Chile’s Atacama desert is now one of the world’s most fashionable dumpsites. The desert land found in Alto Hospicio, has over 59,000 tons of clothing from all around the world, including the United States. Producers drop mass shipments of unsold and secondhand clothing at the Iquique port free-zone. The “free-zone” depicted is the Atacama desert, a natural part of Earth. Santiago, Chile’s capital, purchases only about 10% of the clothing. The leftover clothing sits piled high on the world’s most fashionable dumpsites.
Local authorities have classified the dumpsite to be illegal due to the matter of littering and pollution. Yet, Alexis Carreno, the proposed owner of the land, protests this accusation and supports the desert of fast fashion. He alludes to his acts as a work of charity. Carreno allows immigrants that flea from nearby areas to come and get whatever they need from the piles. Immigrants in need may see this dumpsite as a resource; however, the clothing is not biodegradable due to the toxins used in its production. These piles of clothing are polluting the soil and waterways of the surrounding desert. A program where we donate directly to these immigrants rather than dumping millions of garments onto the ground nearby, would be more beneficial.
The fast fashion industry discards over 92 million tons of clothing each year. The United States is responsible for roughly over 17 million tons of this discarded clothing a year. Fast fashion is a market that provides consumers with mass-produced, inexpensive clothes created at the expense of workers and the environment. In other words, your favorite brands are polluting the world. The fashion industry produces 10% of all humanity’s carbon emissions. The fashion industry is also the second-largest consumer of the world’s water supply and pollutes the oceans with micro-plastics. In addition, the industry is now dumping billions of clothing into the Atacama desert, making it the world’s most fashionable dumpsite.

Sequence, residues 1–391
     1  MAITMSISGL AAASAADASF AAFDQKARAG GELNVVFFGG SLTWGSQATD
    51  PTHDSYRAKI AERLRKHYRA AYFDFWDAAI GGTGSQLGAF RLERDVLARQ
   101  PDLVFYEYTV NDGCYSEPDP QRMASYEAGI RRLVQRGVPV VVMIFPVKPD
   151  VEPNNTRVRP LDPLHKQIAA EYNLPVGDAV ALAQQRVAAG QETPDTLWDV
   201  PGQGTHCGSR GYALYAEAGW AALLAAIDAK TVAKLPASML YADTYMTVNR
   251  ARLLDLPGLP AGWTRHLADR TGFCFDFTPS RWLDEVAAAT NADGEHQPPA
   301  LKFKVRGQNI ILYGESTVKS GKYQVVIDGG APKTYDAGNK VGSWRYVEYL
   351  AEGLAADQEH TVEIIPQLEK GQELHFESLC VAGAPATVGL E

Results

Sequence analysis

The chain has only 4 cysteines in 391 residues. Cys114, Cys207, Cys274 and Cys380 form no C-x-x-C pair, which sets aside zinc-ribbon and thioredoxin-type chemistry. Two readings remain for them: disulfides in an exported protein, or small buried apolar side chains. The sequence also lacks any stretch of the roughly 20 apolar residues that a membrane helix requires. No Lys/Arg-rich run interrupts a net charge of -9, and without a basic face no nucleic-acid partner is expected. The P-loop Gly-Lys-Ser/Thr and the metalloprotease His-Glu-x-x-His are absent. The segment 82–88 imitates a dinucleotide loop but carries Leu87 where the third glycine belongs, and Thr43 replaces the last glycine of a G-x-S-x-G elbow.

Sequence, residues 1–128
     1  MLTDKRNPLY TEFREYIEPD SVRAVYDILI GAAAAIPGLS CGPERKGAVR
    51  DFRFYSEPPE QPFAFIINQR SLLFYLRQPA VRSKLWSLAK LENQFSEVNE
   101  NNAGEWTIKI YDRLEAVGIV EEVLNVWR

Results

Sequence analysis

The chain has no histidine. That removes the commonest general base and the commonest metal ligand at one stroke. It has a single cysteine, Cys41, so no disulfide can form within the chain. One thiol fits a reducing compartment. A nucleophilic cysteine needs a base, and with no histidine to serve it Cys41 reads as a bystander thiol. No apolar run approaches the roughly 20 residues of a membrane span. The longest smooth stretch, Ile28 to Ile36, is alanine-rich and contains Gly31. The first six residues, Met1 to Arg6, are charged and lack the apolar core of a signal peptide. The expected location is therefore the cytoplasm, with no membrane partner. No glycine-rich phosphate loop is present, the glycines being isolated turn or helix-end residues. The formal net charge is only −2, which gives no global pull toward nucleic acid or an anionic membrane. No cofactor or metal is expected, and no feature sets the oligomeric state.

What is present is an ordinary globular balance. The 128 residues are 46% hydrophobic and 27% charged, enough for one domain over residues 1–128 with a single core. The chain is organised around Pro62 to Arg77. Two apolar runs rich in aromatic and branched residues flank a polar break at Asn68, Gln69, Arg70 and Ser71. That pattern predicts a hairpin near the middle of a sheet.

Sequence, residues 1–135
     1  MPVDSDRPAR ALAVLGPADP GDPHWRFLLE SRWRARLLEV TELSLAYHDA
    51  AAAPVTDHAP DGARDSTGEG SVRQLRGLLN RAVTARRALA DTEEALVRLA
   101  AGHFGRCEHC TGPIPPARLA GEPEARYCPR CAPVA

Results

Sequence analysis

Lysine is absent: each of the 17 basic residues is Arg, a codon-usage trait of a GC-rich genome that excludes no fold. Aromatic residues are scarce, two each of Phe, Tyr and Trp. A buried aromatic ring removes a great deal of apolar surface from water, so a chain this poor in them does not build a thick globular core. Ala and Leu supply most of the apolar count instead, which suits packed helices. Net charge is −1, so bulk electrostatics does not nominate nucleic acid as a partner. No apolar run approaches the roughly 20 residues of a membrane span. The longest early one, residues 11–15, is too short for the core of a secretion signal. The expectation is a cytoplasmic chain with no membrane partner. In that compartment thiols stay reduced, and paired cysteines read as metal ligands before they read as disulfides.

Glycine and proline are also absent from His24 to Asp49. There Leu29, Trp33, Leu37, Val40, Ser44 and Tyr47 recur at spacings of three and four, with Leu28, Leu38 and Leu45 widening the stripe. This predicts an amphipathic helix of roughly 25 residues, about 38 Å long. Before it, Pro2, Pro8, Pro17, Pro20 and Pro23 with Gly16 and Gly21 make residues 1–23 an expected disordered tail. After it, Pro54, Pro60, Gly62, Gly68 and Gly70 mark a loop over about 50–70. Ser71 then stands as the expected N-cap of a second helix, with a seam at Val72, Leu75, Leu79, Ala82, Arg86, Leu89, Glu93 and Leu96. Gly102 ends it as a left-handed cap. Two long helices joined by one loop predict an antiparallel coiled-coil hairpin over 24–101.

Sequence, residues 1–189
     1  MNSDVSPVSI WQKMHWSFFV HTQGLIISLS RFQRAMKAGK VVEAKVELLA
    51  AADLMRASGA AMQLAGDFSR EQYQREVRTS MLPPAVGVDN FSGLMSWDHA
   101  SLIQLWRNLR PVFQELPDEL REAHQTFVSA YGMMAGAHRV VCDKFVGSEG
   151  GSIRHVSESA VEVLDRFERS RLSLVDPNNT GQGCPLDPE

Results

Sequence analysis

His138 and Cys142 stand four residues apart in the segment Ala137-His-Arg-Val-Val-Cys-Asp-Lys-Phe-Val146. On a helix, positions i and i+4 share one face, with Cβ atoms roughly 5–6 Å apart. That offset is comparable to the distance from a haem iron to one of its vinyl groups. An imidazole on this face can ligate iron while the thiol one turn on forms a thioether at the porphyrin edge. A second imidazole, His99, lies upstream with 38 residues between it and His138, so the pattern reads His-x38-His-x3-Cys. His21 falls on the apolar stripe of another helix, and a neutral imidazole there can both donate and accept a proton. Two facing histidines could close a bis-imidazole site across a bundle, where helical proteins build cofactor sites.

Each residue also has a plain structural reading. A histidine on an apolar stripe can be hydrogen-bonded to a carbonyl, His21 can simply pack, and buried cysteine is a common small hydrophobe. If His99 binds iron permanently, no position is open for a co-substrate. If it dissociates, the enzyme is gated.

Furthermore, as the world is broadcasting this issue via digital media, producers have known for years the damage being done. Charlotte Tate, Labor Justice Campaigns director for Green America, states “I think that corporations know that they’re producing cheap clothing that won’t last long and often can’t be reused–they’ve known it for a while. The bulk of the responsibility falls on corporations and our daily practices. And to some extent it falls on our government who has the power to regulate, that maybe hasn’t.” These corporations may have some fear to face for this rampant consumerism.
The Department for Environment, Food and Rural Affairs, DERFA, has included Chile in a proposal for Extended Producer Responsibility. In summary, producers will be held responsible for the expenses of managing and recovering the waste they produce. Producers will also be required to increase their waste reuse waste by over 30%. We as consumers also have the responsibility to not add to this global issue. Donate your clothes to those in need, if not, you’re apart of the problem.
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Photo by Katie Rodriguez
Featured Photo by Artificial Photography